Below is an extract from an article written by George Fuller who was the curator of the park when the fountain was built.
1967-68. Fred Parker was a well-known horticulturist with a garden open to the public. He was also an influential member of the Pukekura Park Committee of the day and began agitating for a fountain in the Park. His suggestion was that it be sited on the northern face of Cannon Hill, visible from the Main Gate. Practical J.W.G. ( Jack Goodwin) was concerned that it would create a ‘Scotsman’s Grandstand’ for the Sportsground! He appointed G. Fuller, now Curator, and C.I. McDowell to seek an alternative, preferably in what has become its present site. Subject to removal of a specimen weeping elm it seemed a perfect location.

Work was to proceed as time/opportunity permitted. I had a team from the Park staff and Ian was in charge of a roving team of gardeners and maintenance crew servicing all other Parks and Reserves in New Plymouth.

The weeping elm transplanting embodied a strange coincidence. The site of the present Band room had been a private residence with a large weeping elm in the garden. When the house was demolished, the tree was re-sited beside the Fountain Lake. We now took the obstructing specimen from the newly chosen Waterfall site and relocated it in, of all places, close proximity to the newly constructed Band room! This cleared the site for action.

After the contribution of ideas from many sources had been considered, Ian McDowell with the uncanny skill for which he was noted came forth with what could be called ‘an artists impression’. Alex Brodie, a retired civil engineer on the Pukekura Park committee checked mechanical details and approved. No other documentation was made!

Pukekra Park - Proposed Waterfall

Taranaki Daily News, July 31, 1969

The fall was to be constructed of boulders set in concrete as naturally and as unobtrusively as possible. The bank allowed for a total drop of about ten metres, but this was to be broken up into four separate cascades, the uppermost violently turbulent, the lowest a broad tranquil water curtain.

Vertical reinforcement of the structure was to rely on placement of three eleven metre power poles provided by the New Plymouth District Council Electricity Department forming a strong backbone. These would be set, slightly reclining into the bank with the tops tapering in towards the centre, then each projection for the cascades later would be secured to that tripod with hoops of steel as work progressed upward. The placement of the poles was the start of construction on 13 August 1969.

When the poles had been seated in recesses in the almost vertical bank a depression was excavated in front of, and beneath them to form what would become the pool. Several cubic metres of concrete was poured into the depression to stabilise the bases of the suspended poles and form the bottom of the pool. One hundred tons of boulders was donated and delivered on site when the parameters of the pond were defined, but before a start was made on incorporating these a relatively formal base of squared blocks hewn by prison labour was laid in the area below the full width of the lowermost water-curtain cascade. This zone is devoid of water during operation, unlike all cascades above it. Each block/boulder was individually selected visually for specific placement by Ian or myself and I recall that we wore the skin off our fingers in our early enthusiasm. Before being bedded in concrete, each had to be rolled or slid by hand across the heavy plank spanning the pool cavity. This involved intense ‘hands-on’ activity.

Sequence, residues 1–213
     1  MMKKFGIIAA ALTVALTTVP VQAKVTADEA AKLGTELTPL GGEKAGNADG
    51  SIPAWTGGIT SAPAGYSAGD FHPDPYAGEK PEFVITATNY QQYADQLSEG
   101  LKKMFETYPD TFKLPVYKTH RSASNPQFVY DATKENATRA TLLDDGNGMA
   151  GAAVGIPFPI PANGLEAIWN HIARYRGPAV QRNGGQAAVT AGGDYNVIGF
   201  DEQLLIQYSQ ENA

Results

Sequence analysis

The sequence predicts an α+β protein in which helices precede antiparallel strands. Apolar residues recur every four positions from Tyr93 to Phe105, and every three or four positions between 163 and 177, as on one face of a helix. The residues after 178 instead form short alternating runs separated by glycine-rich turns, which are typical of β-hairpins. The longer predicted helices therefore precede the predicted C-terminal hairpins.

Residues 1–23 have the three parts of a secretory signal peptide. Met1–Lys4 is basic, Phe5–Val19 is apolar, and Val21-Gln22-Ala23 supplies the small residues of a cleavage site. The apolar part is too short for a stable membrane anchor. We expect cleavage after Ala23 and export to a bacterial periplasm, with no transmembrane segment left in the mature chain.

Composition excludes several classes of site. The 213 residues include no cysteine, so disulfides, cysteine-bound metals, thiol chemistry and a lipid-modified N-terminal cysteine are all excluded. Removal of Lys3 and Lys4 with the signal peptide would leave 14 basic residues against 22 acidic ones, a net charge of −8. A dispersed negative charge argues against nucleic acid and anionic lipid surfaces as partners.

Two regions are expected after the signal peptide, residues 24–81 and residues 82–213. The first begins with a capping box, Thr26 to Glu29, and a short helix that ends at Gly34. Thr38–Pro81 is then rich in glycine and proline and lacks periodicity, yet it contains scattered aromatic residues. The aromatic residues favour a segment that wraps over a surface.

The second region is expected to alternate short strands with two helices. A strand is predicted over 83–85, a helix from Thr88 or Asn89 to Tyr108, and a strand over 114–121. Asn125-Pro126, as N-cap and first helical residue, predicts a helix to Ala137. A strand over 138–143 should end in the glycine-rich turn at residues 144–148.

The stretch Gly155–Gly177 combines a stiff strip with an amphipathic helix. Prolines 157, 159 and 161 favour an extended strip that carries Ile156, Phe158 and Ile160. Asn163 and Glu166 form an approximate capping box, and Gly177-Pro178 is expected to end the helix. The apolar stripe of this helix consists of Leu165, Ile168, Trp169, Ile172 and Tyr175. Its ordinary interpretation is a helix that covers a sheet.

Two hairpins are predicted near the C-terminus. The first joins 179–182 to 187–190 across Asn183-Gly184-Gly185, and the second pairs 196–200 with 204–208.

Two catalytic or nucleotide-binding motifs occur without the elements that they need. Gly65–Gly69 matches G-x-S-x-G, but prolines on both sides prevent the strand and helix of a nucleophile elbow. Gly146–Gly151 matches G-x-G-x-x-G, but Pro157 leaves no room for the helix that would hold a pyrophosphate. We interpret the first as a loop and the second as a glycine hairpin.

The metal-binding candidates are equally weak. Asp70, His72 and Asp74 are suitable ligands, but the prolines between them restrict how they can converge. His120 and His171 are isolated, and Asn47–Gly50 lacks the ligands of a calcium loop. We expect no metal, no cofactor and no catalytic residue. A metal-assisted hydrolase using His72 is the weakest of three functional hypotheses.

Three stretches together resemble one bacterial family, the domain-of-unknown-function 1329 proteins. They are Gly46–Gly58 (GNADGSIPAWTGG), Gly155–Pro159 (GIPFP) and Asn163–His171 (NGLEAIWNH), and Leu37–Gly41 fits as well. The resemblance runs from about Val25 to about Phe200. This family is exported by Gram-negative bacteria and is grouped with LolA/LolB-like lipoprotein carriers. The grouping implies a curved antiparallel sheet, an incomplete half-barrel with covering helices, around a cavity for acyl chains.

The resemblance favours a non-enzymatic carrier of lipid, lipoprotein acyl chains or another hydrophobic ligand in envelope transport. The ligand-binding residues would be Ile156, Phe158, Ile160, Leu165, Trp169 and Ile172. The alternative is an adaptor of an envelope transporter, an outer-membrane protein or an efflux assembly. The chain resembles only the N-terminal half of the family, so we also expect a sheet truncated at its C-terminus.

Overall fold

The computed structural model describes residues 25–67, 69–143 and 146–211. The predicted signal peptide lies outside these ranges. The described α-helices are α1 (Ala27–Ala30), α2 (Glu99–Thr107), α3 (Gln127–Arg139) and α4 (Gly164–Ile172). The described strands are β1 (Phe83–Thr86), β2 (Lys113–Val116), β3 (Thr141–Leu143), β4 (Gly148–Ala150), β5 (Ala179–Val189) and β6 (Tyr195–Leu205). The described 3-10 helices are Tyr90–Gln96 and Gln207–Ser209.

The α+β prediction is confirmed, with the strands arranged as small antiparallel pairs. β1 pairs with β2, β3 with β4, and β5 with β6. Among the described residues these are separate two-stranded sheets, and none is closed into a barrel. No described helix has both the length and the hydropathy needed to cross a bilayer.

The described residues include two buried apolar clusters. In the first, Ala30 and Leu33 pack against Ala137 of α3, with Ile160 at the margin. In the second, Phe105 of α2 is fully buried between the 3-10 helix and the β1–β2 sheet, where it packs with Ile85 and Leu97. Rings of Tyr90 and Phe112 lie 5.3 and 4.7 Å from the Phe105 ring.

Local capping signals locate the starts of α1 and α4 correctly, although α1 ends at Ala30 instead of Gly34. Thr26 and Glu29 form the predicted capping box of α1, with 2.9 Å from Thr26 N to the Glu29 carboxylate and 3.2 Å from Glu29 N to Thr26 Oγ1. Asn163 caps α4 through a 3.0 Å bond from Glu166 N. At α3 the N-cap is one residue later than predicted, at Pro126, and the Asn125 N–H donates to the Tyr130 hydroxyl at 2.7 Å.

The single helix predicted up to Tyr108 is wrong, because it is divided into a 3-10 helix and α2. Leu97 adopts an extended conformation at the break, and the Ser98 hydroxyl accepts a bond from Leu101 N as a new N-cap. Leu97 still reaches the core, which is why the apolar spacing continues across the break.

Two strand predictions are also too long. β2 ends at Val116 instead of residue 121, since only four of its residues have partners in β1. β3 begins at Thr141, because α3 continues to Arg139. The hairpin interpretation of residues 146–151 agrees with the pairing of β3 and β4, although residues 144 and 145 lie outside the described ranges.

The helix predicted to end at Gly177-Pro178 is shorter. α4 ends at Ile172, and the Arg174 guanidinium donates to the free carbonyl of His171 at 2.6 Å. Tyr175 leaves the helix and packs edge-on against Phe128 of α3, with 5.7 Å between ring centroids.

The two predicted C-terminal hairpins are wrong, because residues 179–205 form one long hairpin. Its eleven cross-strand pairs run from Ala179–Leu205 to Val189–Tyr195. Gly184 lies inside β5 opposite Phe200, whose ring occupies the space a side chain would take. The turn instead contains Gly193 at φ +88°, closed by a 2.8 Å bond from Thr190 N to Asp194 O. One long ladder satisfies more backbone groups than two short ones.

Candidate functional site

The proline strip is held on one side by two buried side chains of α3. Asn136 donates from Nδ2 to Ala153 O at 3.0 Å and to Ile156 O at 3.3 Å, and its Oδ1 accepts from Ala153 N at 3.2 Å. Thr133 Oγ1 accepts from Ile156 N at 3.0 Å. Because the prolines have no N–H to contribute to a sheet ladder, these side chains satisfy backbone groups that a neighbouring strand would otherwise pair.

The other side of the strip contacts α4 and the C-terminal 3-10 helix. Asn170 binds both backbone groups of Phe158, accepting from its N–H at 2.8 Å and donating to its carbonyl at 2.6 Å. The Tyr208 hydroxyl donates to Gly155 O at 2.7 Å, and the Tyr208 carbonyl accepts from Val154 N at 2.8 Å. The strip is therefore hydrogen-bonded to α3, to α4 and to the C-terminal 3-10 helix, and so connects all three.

The fluidity of un-set concrete meant that we could only complete about two rows of boulders in a day and because this work could only be carried out sporadically when free of our normal commitments, progress was slow. The plank method was practical up to about the level of the third cascade from the top then I think we had the assistance of a crane. A selection of boulders was saved for the top section and carted to the top of the bank from where they were rolled down into place as required.

Lighting was to be totally concealed by location beneath each cascade, shining down onto the wet rocks below. This is a unique and very special feature. Not least, it avoids the need for floodlighting. Fluorescent lighting was chosen because of low maintenance and high light efficiency, the colour integral to each tube as distinct from colour filters customary with incandescent lighting.

Waterfall Construction in Progress

Taranaki Herald, November 25, 1969

Waterfall Construction in Progress

photo - Sunday Express September 20, 1970

The pumping machinery was to be the same as for the fountain, a fifteen-horsepower electric motor driving a 4 inch (100 mm) centrifugal pump supplying about 200,000 litres per hour.

As the new feature began to grow and assume the proportions of a spectacle and gain credibility the NZ Insurance Company contributed a gift of $1700 toward the waterfall costs in commemoration of opening a new building in New Plymouth. The unveiling of a plaque recording this took place on 21 October 1970. The Mayor, D.V. Sutherland officiated. I’m not sure if it was our original concept, but it became clear as we progressed that this waterfall would simulate the dynamics of the passage of water from the source of the Waiwakaiho River on Mount Taranaki where it crashes and tumbles over boulders then the turbulence is diminished as it approaches its confluence with the sea.

Pukekura Park Waterfall - Opening Day

Proposed Waterfall Drawing -1969

Drawn by Ian McDowell (courtesy Parks Dept.)